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Kosača noble family

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Kosača noble family

Kosača
Country
Estates
Titles
  • Vojvoda of Bosnia[1]
  • Herzog (Duke) of Hum and the Coast[1]
  • Herzog of Saint Sava
Founded first half of the 14th century
Founder Vuk Kosača
Final ruler Vlatko Hercegović
Dissolution 1483

The Kosača family was a Bosnian medieval noble family which ruled over parts of modern Bosnia and Herzegovina, Dalmatia (in southern Croatia), Old Herzegovina (in western Montenegro) and Raška (in southwestern Serbia), between the 14th century and the 15th century. The land they controlled was known as Hum (Zahumlje), roughly corresponding to modern region of Herzegovina, which itself was derived from the title "Herzog", which Stjepan Vukčić Kosača adopted in 1448. The family ruled as vassals to several states, including the Kingdom of Bosnia and Ottoman Empire. The Kosača family members belonged to the Bosnian Church, Catholic Church and Serbian Orthodox Church.

Contents

  • History 1
  • Members 2
  • Religious legacy 3
    • Orthodox 3.1
    • Catholic 3.2
  • References 4
    • Sources 4.1

History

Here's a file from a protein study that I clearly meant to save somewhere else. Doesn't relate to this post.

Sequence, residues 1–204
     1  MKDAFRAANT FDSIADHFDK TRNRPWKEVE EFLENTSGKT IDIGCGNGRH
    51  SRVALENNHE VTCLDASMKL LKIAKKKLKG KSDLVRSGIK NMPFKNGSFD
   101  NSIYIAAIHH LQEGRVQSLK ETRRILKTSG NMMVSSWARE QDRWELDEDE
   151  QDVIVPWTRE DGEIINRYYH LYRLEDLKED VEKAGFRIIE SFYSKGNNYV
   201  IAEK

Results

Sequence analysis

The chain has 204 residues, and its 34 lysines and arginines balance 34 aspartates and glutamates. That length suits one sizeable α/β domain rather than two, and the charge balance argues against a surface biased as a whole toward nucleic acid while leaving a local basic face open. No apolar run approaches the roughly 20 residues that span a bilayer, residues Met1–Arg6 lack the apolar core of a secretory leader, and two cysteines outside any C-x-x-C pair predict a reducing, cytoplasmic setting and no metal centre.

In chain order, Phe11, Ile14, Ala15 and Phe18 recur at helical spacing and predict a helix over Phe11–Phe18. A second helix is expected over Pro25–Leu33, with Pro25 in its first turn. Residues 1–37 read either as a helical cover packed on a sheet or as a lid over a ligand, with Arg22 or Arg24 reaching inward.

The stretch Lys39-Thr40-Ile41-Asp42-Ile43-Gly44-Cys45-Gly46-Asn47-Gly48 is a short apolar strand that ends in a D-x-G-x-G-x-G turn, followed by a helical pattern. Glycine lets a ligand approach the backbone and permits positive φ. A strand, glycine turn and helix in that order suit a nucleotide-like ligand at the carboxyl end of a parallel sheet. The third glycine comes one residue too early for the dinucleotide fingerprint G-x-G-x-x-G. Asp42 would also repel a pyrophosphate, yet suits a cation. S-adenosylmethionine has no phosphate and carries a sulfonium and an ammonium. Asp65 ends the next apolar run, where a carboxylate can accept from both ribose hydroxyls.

The family name Kosača was probably taken after the village of Kosače near Foča, in the Podrinje region of eastern Bosnia, where the Kosača family were originally estate owners.[2][3]

The founder, Vuk[3] (by which the family is also called Vukovići), was a prominent military commander under Emperor Dušan the Mighty of Serbia (r. 1331–1355) who took part in the conquests of southern Balkans. He was given lands around Upper Drina.[4][5]

Vlatko Vuković, the son of Vuk, brought the family to prominence after taking part in battles against the Ottomans.[3] He commanded the victorious Bosnian army at the Battle of Bileća (1388).[3] At the Battle of Kosovo (1389) he commanded the left flank of the Serbian army led by Prince Lazar of Serbia, with troops that were sent by Bosnian King Tvrtko I. The battle was at first reported as a victory, also by Vlatko himself, however it has been concluded as inconclusive, with a long-term Ottoman victory.[6]

Stjepan Vukčić Kosača in 1448 dropped his title "Vojvoda of Bosnia", assuming the title "Herceg [Duke] of Hum and the Coast".[1] He changed it again in 1449 to "Herceg of Saint Sava" in recollection of the Serbian Orthodox saint.[1] This title had considerable public relations value, because Sava's relics were consider miracle-working by people of all Christian faiths. The Kosačas themselves, however, were one of the few non-Orthodox noble families in Hum.[1] His lands were known as Herzog's lands or later Herzegovina.[1]